Exit Strategy

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This year’s grossly inappropriately named “Silly Season” is in full swing, with another plethora of rumors coming to light over the Dover race weekend. There’s no sense even listing them all right now because in an hour there will be more names in the hat and more rumors in the mill.

Let’s suffice to say it looks evident that by the start of next season even hard-core long time race fans are going to need a program at Daytona to figure which driver is in which car.
The combination of a certain team and a certain driver doesn’t work out sometimes for various reasons. Often the driver is very talented and the team is very good as well, but there’s something about the combination that just doesn’t click. Sometimes after a reasonable amount of success for a driver-team combination things just stop working. The kiss of death is when a driver gives up on his team or a team gives up on its driver, and they’re all just going through the motions, no longer believing they can win but wanting to get paid for the week anyway.

The equipment suffers and the drivers commitment suffers often setting off a long downward spiral where futility breeds futility. Perhaps that’s why Richard Childress made the drastic decision to swap the 29 and 31 teams starting this week at Pocono.

Many pundits will say once a situation is allowed to degenerate to that level, it is best for the driver and team to part ways immediately rather than wait for the end of the season as the Wood Brothers have chosen to do with Elliott Sadler. Last year when it became evident he wasn’t going to driving for the same team this year, Mike Skinner decided to step out of his ride to get some long needed knee surgery done so he could be 100% this year when he started with a new team.

Likewise last year once it became obvious to Roger Penske that Jeremy Mayfield would be leaving at the end of the season, he released him immediately. Not too many years ago when Cale Yarborough learned Jeremy Mayfield was going to leave his team at the end of the year to drive for Michael Kranefuss Cale arranged a mid-season driver swap where Kranefuss got Mayfield and Cale gave his ride to John Andretti who had been driving for Michael up until that point.

Swapping horses mid-stream is a good idea for teams who have a very definite idea as to what driver they want to drive their car next year. (Such as the situation which appears to be brewing with the 36 team and Jerry Nadeau.) If the team is already hopelessly out of points contention, the mid-season driver swap gives them a head start for the next year. The driver and team get to know one another and the crew chief gets to understand what the driver needs in the car. All important lines of communication are opened and with nothing left to lose the team is free to do some experimenting with the cars looking for a better setup.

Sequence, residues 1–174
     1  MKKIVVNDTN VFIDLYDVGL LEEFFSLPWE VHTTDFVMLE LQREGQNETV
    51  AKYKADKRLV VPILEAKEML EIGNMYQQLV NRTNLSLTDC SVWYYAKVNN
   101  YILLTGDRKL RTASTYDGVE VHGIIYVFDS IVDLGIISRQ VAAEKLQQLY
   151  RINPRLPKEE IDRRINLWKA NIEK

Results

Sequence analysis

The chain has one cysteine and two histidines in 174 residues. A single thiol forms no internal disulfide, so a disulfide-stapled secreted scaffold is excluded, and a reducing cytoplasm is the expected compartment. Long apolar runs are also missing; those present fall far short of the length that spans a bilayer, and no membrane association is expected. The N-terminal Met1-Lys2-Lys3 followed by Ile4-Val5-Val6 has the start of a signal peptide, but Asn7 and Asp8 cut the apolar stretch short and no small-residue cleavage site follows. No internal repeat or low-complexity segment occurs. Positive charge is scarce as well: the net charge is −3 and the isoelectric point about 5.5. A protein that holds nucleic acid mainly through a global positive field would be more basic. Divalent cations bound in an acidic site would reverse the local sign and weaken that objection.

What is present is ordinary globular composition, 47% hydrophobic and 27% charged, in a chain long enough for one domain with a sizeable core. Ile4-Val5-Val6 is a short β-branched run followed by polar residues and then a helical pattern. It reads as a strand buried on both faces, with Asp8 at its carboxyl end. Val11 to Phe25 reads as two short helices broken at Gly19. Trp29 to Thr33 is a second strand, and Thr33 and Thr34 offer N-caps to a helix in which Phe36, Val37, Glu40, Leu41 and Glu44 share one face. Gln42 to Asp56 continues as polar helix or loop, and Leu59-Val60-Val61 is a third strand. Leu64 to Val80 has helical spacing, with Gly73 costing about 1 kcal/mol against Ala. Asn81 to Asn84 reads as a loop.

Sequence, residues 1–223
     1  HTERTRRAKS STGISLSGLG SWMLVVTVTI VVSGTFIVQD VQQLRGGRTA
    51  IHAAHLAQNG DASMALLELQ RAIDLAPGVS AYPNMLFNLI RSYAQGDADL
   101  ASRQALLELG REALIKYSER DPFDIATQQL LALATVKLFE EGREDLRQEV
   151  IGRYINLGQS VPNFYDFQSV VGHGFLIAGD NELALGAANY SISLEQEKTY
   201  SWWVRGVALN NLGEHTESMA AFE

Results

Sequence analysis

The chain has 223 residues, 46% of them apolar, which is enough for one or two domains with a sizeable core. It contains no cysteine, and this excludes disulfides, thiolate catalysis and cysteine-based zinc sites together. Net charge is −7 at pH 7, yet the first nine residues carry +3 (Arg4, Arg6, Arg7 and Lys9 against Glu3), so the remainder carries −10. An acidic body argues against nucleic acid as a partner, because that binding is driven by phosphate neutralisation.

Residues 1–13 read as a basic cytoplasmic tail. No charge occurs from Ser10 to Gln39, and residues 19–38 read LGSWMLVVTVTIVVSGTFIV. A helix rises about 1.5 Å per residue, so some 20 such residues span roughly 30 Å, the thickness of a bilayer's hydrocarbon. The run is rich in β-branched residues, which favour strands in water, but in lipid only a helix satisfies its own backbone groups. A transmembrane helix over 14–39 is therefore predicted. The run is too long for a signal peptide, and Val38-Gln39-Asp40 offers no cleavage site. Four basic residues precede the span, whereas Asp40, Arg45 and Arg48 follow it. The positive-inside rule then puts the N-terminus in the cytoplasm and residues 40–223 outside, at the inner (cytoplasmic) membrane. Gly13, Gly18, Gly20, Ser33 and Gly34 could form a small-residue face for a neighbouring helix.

Imagine the time the Wood Brothers could waste this year improving their cars until Sadler thought they were great only to have their new driver hop into one of the “improved” cars at Daytona next year and announce the setup was hopelessly not to his liking. Recall Rusty Wallace and Jeremy Mayfield both won races while driving for Roger Penske, but they hated one another’s setups and couldn’t share notes. Neither solution was right or wrong. One was just better for each driver’s comfort level and driving style.

So why would a seasoned team like the Wood Brothers who have employed a virtual who’s who of Winston Cup drivers leave a lame duck driver in the car? The other side of the coin is to not make moves out of desperation. They can study the drivers who are currently seeking rides either immediately or for next season but as crazy as things are right now there’s no telling which drivers could become available in the coming months. There’s no sense signing a guy you think might be able to do a decent job right away when the driver you’ve been after for years might come knocking next week.